WASHINGTON -- Two Federal Reserve officials who dissented from the central bank's decision to cut a key policy rate this week said Friday they did not believe economic conditions justified the move.
Eric Rosengren, president of the Fed's Boston regional bank, said that he saw no "clear and compelling" reason for the rate cut. Esther George, head of the Fed's Kansas City bank, said she would be willing to support a future rate cut should incoming data weaken.
The Fed on Wednesday approved by an 8-2 vote a quarter-point cut in the Fed's benchmark interest rate, moving it down to a new range of 2% to 2.25%. It was the first rate cut in more than a decade.
Both officials released statements explaining their opposition on Friday.
Federal Reserve Chairman Jerome Powell had justified the move during his news conference on Wednesday as guarding against downside risks to the economy from such factors as the uncertainties caused by President Donald Trump's trade wars and what slowing global conditions might do to U.S. growth prospects.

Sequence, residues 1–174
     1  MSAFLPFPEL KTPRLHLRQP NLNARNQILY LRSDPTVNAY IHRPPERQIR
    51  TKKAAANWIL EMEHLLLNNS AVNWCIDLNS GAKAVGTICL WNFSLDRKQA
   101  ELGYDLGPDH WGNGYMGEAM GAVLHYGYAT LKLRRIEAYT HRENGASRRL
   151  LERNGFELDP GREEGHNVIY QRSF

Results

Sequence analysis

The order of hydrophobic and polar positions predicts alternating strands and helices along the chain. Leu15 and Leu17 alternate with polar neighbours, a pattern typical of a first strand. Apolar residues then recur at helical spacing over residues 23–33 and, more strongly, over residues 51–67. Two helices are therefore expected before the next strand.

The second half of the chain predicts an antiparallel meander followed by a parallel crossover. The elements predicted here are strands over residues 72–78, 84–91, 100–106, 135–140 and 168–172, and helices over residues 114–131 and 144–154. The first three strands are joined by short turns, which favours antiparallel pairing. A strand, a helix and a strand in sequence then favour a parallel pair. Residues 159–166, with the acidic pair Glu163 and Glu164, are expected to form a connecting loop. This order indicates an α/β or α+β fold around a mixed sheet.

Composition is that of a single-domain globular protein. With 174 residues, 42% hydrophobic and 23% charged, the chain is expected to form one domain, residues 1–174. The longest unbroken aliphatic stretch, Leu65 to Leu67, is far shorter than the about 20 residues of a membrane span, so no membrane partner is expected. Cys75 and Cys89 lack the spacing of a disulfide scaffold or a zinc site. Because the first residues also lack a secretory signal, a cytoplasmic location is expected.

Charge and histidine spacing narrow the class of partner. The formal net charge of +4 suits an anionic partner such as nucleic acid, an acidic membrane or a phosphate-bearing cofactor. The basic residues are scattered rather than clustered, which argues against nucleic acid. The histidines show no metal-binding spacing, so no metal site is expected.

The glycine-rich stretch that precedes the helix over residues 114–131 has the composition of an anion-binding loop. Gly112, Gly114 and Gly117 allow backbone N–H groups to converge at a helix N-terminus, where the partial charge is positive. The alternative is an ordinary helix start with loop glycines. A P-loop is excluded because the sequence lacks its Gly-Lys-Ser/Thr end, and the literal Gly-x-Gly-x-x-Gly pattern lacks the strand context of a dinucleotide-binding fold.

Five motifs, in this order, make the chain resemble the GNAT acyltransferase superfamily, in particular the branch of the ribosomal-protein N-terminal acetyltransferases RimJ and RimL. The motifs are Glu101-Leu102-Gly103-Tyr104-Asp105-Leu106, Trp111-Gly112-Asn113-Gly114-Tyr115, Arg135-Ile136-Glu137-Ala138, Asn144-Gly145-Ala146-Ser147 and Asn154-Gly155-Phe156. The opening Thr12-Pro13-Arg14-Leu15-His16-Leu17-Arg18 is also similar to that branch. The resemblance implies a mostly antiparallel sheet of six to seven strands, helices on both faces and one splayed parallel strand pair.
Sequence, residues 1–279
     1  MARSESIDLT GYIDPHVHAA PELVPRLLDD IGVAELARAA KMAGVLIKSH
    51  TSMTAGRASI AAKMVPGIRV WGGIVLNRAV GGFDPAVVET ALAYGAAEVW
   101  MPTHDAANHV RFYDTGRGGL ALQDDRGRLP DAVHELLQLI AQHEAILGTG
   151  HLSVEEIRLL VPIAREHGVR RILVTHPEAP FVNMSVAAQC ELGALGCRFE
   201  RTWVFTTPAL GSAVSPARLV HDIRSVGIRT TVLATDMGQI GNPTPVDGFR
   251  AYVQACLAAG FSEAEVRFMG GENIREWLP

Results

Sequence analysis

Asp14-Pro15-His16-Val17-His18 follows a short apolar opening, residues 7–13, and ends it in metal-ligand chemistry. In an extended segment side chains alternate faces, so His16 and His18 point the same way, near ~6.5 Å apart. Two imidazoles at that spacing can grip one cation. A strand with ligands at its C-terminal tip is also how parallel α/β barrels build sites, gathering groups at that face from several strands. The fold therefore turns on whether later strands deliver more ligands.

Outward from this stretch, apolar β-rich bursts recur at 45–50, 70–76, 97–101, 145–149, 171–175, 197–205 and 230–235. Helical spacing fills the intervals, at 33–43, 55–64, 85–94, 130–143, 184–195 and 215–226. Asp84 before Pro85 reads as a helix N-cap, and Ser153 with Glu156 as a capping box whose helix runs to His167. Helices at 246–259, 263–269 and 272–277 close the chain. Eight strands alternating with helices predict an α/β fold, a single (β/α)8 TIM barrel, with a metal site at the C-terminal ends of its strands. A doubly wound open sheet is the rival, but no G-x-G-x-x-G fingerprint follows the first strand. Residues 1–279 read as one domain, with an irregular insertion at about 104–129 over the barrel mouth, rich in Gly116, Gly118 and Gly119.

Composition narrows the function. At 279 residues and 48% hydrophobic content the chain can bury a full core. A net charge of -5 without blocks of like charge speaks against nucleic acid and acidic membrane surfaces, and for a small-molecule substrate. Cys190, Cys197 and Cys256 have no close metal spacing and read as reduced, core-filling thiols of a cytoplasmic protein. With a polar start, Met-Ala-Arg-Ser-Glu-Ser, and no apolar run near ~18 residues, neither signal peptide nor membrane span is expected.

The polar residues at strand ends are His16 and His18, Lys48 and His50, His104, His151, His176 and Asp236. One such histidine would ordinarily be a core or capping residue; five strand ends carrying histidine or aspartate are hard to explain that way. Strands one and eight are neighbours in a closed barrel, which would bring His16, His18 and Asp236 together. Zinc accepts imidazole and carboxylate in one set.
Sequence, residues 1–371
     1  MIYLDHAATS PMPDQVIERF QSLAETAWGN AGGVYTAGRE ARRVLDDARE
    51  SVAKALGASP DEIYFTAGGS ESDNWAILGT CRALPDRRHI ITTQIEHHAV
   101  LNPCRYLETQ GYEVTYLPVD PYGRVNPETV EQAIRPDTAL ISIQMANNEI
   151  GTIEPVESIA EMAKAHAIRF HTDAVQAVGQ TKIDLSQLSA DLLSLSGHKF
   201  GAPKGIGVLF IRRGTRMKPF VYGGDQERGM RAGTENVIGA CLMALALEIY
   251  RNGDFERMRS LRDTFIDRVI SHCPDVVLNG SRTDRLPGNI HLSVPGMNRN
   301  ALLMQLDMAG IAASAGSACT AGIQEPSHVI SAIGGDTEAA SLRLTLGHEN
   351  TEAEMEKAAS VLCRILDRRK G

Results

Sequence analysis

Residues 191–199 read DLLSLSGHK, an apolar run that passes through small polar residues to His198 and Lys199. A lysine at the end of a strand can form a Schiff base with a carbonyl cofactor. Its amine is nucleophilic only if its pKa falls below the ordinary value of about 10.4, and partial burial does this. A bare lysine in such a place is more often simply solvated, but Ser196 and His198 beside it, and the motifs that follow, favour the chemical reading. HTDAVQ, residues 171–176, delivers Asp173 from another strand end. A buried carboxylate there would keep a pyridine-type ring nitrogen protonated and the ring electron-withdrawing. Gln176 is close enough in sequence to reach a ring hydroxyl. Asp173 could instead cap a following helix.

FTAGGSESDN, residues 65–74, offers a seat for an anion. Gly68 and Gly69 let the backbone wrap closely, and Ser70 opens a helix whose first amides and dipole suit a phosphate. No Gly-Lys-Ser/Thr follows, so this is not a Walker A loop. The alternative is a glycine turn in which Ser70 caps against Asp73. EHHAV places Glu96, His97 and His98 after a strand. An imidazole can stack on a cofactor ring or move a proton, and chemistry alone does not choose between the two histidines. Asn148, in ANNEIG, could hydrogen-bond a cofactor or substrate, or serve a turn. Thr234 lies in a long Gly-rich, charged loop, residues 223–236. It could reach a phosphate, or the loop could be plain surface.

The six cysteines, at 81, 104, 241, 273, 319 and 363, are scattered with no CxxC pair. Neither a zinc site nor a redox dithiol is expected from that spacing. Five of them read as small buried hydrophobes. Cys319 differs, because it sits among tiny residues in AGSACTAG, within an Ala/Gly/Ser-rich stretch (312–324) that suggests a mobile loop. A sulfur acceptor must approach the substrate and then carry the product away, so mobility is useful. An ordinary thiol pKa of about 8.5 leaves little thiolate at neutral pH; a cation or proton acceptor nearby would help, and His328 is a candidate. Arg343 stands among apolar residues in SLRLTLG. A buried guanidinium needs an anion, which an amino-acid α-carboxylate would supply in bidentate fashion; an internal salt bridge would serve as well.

Financial markets fell sharply after the Fed's action because they had been hoping for a half-point cut and stronger language holding out the promise of more rate cuts to come. On Thursday, Trump sent stocks down further with a surprise announcement that beginning on Sept. 1 he plans to impose 10% tariffs on an additional $300 billion in Chinese imports he hasn't already taxed.
Neither Rosengren nor George mentioned Trump's latest trade threat against China in the statements justifying their Wednesday dissents.
But George did say, "There are certainly risks to the outlook as the economy faces the crosscurrents emanating from trade policy uncertainty and weaker global activity. Should incoming data point to a weakening economy, I would be prepared to adjust policy consistent with the Federal Reserve's mandates for maximum sustainable employment and stable prices."
For his part, Rosengren said his reason for opposing a rate cut was related to the fact that unemployment is near a 50-year low and financial stability concerns are "somewhat elevated" given stock prices near record levels and high levels of corporate borrowing.
Many economists believe the Fed may cut rates again as soon as its September meeting given the new trade tensions Trump has introduced by threatening to widen his punitive tariffs on China.